A bobblehead figure of Toronto Mayor Rob Ford has gone where no mayoral bobblehead has gone before.

In June, Meghan Collins attached her Rob Ford bobblehead and GoPro camera to a helium-filled weather balloon, and sent the doll approximately 31 kilometres into the air.

The Earth's atmosphere is about 480 kilometres thick, and the Ford doll cleared the layer called the stratosphere, entering the mesosphere.

Collins is part of Cooperative Exploration, an organization she founded with family and friends that hosts hands-on launches of balloons into the Earth's atmosphere for parties, corporate events and schools.

Her 3-year-old son inspired the project when he told his mother he wanted to make the car an astronaut, and send him to space. Collins gathered the group and figured out a way to send his toy car as close to space as possible. The Lightning McQueen toy was sent by balloon 28 kilometres above the Earth's surface in April. Collins then posted the video on YouTube.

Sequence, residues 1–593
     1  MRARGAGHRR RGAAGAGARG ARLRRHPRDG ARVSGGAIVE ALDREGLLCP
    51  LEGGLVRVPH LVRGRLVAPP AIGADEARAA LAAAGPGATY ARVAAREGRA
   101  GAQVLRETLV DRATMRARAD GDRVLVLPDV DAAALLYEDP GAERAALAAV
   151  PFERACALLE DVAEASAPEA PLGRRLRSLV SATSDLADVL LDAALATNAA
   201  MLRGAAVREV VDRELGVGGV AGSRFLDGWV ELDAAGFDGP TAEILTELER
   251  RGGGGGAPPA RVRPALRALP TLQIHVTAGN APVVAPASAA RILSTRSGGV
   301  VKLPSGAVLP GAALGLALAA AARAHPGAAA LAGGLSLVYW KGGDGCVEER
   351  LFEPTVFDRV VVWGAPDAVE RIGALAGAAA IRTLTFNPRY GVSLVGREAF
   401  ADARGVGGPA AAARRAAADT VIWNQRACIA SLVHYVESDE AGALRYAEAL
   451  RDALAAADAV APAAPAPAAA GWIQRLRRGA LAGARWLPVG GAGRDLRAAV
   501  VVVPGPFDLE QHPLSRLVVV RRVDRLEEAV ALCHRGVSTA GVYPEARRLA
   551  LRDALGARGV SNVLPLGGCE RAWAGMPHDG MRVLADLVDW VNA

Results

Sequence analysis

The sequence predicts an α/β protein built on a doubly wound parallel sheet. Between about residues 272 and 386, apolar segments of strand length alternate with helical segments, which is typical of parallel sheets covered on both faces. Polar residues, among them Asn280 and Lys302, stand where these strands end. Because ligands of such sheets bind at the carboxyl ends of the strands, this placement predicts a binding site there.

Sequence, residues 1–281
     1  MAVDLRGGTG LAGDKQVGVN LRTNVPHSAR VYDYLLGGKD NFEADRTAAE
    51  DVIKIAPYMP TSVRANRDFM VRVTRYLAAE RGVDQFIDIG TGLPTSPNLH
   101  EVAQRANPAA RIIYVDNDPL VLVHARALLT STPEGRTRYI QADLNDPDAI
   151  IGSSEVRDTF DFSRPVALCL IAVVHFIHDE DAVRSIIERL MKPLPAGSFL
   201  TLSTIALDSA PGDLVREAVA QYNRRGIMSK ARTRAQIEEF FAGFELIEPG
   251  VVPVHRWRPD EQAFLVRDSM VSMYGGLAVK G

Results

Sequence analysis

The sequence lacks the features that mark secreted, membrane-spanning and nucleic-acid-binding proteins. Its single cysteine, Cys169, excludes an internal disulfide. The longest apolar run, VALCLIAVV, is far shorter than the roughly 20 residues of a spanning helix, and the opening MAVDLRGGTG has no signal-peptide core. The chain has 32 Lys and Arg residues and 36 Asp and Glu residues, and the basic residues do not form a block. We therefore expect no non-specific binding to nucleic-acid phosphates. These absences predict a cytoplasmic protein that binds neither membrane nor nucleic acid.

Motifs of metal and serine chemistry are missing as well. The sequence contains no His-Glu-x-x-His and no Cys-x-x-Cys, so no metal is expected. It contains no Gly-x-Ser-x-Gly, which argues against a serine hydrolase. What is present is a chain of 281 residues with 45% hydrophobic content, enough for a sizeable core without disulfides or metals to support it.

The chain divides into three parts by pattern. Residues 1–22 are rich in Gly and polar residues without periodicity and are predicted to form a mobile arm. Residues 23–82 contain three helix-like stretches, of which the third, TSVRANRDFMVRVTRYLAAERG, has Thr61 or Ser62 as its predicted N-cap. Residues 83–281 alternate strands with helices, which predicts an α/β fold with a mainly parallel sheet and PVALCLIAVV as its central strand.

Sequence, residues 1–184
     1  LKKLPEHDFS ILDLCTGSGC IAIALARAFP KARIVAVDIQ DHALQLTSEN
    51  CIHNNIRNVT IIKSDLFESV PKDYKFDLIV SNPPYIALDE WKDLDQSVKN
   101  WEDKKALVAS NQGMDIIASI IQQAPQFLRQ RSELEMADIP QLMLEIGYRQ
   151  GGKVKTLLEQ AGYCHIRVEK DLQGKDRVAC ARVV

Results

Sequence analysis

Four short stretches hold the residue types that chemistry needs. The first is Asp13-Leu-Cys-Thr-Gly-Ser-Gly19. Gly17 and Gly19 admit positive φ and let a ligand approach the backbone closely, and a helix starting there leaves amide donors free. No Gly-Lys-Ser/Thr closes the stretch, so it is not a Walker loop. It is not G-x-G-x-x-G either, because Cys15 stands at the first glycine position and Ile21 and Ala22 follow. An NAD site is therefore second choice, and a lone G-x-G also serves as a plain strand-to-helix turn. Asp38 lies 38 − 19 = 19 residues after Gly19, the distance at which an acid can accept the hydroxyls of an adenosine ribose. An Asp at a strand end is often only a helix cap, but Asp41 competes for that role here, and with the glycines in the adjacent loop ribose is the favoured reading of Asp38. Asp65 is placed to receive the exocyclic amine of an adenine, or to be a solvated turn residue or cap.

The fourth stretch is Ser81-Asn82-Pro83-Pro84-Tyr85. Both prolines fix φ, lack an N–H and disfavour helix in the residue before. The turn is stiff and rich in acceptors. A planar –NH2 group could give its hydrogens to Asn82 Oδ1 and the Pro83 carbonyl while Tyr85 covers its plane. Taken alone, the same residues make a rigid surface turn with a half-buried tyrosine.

After the initial launch, Cooperative Exploration launched a St. Thomas Elgin General Hospital Foundation balloon to raise awareness for the campaign in May, then launched Ford a month later.

"He's known for being quite high and we thought, let's put him higher than he's ever been," Collins told CTV Toronto on Thursday, referring to the mayor's admission to smoking crack cocaine in May.

The Ford bobblehead was launched at a beach in Port Stanley, Ont. The doll can be seen flying past Lake Erie, then up into a cloud, where snow falls in front of the camera. It clears the clouds, and a blue glow can be seen surrounding the Earth.

The balloon then bursts and the doll and camera fall to the ground in Bright, Ont., approximately 100 kilometres away from the launch site. Upon landing, the doll's bobbling head snaps off. The entire journey took about 75 minutes.